In addition to traditional vacancy announcements to fill positions, DIA recently added a new tool to recruit and hire qualified individuals: the DIA talent pool. “Under the DIA talent pool, qualified candidates can be identified, interviewed, screened, and in some instances processed for hire even before a position is identified,” Hartman says. “This pool allows the agency to have candidates ‘on the shelf,’ decreasing the amount of time it takes to fill vacancies.”

Vacancy announcements, marketing and branding campaigns, and the efforts of the DIA recruiting staff are all important tools, but the greatest recruiting resources are employees themselves, Hartman says. “DIA employees are encouraged to identify potential future employees. Employees can encourage their friends, family and colleagues to seek employment with the DIA.”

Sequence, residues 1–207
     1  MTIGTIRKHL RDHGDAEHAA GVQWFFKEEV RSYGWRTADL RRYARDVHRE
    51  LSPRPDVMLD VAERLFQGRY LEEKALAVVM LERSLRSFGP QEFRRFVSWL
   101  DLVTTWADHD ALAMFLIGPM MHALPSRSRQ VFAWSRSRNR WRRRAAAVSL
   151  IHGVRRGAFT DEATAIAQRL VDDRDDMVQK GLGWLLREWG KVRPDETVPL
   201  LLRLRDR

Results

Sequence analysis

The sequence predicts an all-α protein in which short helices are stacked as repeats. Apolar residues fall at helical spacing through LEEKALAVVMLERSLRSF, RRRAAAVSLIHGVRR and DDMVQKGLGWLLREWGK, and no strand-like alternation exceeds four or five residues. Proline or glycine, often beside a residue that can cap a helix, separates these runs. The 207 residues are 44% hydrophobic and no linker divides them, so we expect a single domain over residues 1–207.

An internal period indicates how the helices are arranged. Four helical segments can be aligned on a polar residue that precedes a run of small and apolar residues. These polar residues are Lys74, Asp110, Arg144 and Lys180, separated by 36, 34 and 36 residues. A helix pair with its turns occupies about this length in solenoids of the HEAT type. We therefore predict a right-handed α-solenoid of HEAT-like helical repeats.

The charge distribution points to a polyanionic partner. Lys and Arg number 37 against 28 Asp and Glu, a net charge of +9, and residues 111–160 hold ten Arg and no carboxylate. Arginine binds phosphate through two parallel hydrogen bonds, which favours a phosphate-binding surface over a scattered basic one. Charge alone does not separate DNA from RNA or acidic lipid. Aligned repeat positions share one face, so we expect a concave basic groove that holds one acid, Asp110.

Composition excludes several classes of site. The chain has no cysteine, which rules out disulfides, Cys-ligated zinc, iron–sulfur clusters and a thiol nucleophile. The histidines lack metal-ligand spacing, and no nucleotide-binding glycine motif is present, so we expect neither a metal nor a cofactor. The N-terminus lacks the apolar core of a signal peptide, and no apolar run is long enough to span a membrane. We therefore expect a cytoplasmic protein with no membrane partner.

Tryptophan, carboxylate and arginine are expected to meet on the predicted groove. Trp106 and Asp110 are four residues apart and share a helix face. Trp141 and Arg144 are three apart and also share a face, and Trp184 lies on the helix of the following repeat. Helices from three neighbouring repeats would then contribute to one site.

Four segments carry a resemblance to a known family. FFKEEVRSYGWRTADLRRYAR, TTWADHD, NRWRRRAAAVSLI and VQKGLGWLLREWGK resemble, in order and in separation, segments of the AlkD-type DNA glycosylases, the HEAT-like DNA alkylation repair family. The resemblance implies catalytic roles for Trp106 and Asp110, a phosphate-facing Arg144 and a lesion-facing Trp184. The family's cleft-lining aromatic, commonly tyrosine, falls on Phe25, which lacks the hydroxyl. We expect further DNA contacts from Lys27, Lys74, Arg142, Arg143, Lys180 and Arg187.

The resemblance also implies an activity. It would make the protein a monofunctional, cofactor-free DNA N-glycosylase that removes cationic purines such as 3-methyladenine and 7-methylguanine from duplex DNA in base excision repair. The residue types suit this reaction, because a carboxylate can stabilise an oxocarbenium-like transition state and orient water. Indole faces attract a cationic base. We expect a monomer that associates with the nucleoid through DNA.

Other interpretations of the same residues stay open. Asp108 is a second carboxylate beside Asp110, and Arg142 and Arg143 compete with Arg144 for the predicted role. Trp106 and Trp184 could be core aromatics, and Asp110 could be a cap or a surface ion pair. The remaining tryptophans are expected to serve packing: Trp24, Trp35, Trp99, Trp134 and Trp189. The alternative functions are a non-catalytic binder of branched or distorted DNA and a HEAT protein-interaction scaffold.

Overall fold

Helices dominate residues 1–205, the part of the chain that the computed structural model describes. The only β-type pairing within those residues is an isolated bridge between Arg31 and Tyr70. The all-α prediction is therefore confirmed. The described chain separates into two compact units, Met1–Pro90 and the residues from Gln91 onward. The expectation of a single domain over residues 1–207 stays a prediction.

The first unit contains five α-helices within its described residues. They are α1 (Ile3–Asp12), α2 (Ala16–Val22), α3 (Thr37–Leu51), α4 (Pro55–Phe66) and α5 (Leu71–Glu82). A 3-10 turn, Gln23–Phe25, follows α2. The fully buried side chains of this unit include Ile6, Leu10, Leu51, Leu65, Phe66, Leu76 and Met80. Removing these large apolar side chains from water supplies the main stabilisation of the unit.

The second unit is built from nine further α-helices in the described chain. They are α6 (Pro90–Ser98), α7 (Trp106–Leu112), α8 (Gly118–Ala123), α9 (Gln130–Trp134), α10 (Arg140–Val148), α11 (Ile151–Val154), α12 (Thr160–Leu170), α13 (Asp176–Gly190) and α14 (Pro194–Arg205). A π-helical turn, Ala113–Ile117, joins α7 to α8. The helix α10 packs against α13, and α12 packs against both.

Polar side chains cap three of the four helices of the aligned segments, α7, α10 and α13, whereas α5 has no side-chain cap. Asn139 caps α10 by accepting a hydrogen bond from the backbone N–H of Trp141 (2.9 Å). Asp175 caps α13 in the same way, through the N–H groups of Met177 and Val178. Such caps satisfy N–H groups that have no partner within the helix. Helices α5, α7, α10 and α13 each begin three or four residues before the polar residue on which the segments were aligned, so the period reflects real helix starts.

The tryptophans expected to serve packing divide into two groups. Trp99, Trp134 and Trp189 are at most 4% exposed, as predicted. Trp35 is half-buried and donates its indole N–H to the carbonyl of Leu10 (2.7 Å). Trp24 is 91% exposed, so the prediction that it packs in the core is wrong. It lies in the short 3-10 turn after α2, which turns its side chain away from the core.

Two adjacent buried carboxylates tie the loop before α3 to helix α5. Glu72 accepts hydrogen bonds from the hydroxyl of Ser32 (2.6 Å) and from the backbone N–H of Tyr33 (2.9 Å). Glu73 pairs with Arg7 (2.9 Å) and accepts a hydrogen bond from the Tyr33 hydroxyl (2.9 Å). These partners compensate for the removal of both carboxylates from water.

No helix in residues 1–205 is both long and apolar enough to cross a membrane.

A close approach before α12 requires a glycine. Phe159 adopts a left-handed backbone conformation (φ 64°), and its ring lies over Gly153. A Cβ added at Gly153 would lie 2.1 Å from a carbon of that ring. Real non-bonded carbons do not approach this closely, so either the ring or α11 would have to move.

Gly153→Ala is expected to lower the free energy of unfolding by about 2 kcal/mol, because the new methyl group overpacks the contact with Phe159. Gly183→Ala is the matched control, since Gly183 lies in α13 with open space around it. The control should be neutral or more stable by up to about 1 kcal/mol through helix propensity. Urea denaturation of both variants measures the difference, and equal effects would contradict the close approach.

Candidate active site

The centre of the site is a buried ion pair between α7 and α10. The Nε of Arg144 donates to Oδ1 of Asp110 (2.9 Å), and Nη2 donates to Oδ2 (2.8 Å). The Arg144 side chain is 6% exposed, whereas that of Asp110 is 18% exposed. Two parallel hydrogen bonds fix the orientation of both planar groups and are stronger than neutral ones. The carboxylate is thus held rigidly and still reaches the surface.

The DIA has an active program to fill entry-level positions as well, which includes traditional university-based recruiting at campus job fairs. “Campuses are chosen not only for particular backgrounds and majors such as IT, foreign languages, international relations and other subjects, but also for the diverse nature of the student bodies,” she says.

In addition, the DIA is building long-term programs with select universities under the auspices of the agency’s academic outreach program. “The agency is the executive agent for the intelligence community’s Centers of Academic Excellence,” Hartman says. “Universities selected as part of the DIA’s academic outreach become ‘feeder schools’ for the future workforce, supporting the ‘seeds to trees’ concept.”

Equal opportunity, affinity groups and mentoring
The DIA’s Equal Employment Opportunity (EEO) office provides training to raise awareness of the government’s and agency’s commitment to uphold EEO tenets and create an environment that allows individuals to reach their full potential. “The agency has six special emphasis programs,” she says. “Programs are conducted by collateral duty program managers and managed by the EEO office’s leadership. In tandem with several DIA affinity groups, they support EEO initiatives and provide essential feedback to agency leadership.”